Around 360 crore people currently face inadequate access to water at least a month per year, the World Meteorological Organization (WMO) said in its State of Global Water Resources 2021 report published on Tuesday. The figure is projected to increase to more than 5 billion by 2050. The report assesses the effects of climate, environmental and societal change on the Earth's water resources. Its aim is to support the monitoring and management of global freshwater resources in an era of growing demand and limited supplies. It shows that due to the influence of climate change and a La Nina event (period cooling of ocean surface temperatures in the tropical Pacific), the year 2021 witnessed large areas of the globe recording drier than normal conditions. Compared with the 30-year hydrological average, the area with below-average streamflow last year was approximately two times larger than the above-average area. Read: World’s largest active volcano Mauna Loa erupts in Hawaii Between 2001 and 2018, the interagency mechanism United Nations Water reported that 74 percent of all natural disasters were water-related. The recent 27th Conference of the Parties of the United Nations Framework Convention on Climate Change (COP27) has urged governments to further integrate water into adaptation efforts. It was the first time that water has been referenced in a COP outcome document in recognition of its critical importance. According to WMO Secretary-General Petteri Taalas, though the impacts of climate change are often felt through water -- such as more intense and frequent droughts, more extreme flooding, more erratic seasonal rainfall and accelerated melting of glaciers -- there is still insufficient understanding of changes in the distribution, quantity and quality of freshwater resources. Read: World population at 8 billion: What new challenges will it create? The WMO report aims to fill this knowledge gap, which would be helpful in providing universal access in the next five years to early warnings of hazards, such as floods and droughts, he said.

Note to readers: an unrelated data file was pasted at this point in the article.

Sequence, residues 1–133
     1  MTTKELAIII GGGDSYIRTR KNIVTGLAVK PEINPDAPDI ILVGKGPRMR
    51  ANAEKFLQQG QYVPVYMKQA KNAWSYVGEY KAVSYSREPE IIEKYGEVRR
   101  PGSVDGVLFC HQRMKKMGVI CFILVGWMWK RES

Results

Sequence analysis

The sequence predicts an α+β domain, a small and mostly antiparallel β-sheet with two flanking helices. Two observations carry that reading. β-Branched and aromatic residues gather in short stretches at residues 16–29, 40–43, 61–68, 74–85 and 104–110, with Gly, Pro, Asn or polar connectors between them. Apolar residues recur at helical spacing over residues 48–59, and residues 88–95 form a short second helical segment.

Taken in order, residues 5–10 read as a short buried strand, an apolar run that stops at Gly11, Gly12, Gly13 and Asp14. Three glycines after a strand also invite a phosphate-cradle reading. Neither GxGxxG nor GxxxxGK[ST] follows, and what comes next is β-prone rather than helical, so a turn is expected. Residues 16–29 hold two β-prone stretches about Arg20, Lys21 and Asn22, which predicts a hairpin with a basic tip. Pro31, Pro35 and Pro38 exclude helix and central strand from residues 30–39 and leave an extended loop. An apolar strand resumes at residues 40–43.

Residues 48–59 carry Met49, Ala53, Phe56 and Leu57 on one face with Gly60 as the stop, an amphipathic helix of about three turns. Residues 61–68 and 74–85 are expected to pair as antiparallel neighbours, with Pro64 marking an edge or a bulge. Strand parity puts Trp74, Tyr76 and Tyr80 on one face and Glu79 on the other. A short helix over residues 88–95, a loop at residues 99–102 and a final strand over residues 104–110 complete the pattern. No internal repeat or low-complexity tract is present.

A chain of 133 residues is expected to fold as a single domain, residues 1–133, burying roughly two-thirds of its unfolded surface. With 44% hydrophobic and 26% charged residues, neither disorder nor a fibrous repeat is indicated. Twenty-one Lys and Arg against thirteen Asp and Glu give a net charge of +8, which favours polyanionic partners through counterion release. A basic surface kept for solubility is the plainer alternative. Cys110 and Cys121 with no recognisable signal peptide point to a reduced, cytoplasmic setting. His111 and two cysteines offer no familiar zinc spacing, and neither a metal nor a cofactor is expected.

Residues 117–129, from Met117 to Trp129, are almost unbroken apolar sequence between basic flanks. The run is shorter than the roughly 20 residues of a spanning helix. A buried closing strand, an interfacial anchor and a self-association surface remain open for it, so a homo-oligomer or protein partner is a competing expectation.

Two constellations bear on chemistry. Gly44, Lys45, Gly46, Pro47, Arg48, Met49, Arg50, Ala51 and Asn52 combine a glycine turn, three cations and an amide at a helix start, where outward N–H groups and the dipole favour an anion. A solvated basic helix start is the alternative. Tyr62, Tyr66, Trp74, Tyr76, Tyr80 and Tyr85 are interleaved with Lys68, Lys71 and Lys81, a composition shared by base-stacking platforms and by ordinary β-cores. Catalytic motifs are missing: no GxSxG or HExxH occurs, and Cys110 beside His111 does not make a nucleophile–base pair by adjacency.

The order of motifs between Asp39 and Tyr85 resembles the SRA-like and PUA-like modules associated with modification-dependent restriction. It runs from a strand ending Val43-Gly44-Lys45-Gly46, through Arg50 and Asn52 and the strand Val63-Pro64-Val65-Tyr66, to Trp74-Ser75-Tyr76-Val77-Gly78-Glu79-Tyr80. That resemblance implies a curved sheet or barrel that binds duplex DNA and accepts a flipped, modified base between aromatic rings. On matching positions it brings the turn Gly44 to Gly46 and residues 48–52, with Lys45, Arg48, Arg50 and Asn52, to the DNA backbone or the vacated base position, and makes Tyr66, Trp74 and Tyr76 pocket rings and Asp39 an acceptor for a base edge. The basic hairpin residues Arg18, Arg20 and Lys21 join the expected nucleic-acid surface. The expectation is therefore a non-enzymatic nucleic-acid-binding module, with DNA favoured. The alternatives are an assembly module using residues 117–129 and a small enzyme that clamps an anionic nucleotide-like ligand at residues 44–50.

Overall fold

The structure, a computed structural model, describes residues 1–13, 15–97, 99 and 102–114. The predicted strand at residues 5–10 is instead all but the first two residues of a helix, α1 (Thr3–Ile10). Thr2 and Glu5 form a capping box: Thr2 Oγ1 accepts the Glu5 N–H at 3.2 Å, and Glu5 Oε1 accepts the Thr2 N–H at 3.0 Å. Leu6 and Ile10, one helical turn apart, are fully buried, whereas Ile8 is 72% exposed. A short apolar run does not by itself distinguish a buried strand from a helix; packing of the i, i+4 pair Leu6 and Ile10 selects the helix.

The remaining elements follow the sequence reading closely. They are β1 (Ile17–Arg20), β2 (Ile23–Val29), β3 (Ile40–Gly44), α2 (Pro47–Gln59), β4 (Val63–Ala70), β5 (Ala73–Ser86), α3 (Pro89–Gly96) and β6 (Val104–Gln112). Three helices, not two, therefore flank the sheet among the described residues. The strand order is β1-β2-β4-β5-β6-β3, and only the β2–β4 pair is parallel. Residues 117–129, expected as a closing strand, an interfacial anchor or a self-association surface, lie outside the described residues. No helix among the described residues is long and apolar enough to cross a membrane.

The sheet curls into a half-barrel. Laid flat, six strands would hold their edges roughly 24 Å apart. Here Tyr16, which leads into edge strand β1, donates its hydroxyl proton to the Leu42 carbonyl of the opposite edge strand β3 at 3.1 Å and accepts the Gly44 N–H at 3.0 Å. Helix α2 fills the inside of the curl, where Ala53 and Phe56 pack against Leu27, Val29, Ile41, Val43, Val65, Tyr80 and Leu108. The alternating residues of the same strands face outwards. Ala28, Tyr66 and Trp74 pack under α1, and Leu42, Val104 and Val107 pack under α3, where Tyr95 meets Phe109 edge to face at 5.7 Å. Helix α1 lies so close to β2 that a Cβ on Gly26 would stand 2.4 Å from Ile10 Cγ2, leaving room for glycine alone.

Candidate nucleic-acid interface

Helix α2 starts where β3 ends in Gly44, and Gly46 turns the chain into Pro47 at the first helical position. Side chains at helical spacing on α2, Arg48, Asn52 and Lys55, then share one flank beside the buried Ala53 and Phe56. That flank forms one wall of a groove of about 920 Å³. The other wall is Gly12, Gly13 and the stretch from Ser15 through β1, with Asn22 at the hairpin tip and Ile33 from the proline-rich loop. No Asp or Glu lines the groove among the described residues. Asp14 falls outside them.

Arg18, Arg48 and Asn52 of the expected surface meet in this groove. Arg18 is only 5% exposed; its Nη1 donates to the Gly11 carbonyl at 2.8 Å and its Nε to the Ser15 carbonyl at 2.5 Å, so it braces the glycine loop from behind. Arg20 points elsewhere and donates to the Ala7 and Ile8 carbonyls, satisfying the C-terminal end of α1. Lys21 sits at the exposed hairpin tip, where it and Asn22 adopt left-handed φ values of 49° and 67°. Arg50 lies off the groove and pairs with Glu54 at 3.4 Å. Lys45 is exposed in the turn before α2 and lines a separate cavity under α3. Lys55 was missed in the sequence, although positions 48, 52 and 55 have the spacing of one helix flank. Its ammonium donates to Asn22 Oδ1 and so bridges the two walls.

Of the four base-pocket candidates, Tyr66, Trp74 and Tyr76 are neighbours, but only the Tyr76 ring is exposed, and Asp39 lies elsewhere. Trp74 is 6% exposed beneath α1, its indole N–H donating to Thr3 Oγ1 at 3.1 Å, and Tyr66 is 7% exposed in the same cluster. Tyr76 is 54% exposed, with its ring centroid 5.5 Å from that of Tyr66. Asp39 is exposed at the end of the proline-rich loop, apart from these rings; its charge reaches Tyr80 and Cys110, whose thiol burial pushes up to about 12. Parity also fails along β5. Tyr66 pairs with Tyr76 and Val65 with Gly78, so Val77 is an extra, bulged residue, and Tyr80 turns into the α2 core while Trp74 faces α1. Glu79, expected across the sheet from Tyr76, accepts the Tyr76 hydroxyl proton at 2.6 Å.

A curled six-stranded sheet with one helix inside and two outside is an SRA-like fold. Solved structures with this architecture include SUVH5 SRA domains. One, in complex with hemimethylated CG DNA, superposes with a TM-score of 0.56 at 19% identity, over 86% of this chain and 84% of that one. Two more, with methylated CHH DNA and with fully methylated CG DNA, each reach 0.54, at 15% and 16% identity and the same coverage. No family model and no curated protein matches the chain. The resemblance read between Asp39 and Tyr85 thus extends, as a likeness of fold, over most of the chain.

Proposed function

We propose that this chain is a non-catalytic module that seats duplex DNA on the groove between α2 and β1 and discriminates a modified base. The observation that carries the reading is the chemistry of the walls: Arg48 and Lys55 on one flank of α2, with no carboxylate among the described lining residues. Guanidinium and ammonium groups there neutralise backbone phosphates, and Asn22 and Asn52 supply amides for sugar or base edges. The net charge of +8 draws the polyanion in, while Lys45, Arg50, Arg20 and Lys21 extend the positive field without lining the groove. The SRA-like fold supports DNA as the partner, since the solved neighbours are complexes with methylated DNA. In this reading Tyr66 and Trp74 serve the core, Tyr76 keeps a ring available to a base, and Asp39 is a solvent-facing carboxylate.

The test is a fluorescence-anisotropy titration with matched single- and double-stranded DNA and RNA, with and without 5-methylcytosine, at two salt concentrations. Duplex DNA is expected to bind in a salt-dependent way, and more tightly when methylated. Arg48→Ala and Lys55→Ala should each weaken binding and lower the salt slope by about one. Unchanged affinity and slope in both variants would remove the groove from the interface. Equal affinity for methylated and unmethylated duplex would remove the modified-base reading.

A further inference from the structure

Fewer than half the people in England and Wales consider themselves Christian, according to the most recent census — the first time the country's official religion has been followed by a minority of the population. Britain has become less religious — and less white — in the decade since the last census, figures from the 2021 census released Tuesday by the Office for National Statistics revealed. Read more: Europe’s inflation likely hasn’t peaked, says central bank chief Lagarde Some 46.2% of the population of England and Wales described themselves as Christian on the day of the 2021 census, down from 59.3% a decade earlier. The Muslim population grew from 4.9% to 6.5% of the population, while 1.7% identified as Hindu, up from 1.5%. More than 1 in 3 people — 37% — said they had no religion, up from 25% in 2011. The other parts of the U.K., Scotland and Northern Ireland, report their census results separately. Secularism campaigners said the shift should trigger a rethink of the way religion is entrenched in British society. The U.K. has state-funded Church of England schools, Anglican bishops sit in Parliament’s upper chamber, and the monarch is “defender of the faith” and supreme governor of the church. Andrew Copson, chief executive of the charity Humanists U.K., said “the dramatic growth of the non-religious” had made the U.K. “almost certainly one of the least religious countries on Earth.” “One of the most striking things about these results is how at odds the population is from the state itself,” he said. “No state in Europe has such a religious set-up as we do in terms of law and public policy, while at the same time having such a non-religious population.” Read more: Riots in Belgium, Netherlands after Morocco win at World Cup Archbishop of York Stephen Cottrell, one of the most senior clerics in the Church of England, said the data was “not a great surprise,” but was a challenge to Christians to work harder to promote their faith. “We have left behind the era when many people almost automatically identified as Christian, but other surveys consistently show how the same people still seek spiritual truth and wisdom and a set of values to live by,” he said. Almost 82% of people in England and Wales identified as white in the census, down from 86% in 2011. Some 9% said they were Asian, 4% Black and 3% from “mixed or multiple” ethnic backgrounds, while 2% identified with another ethnic group.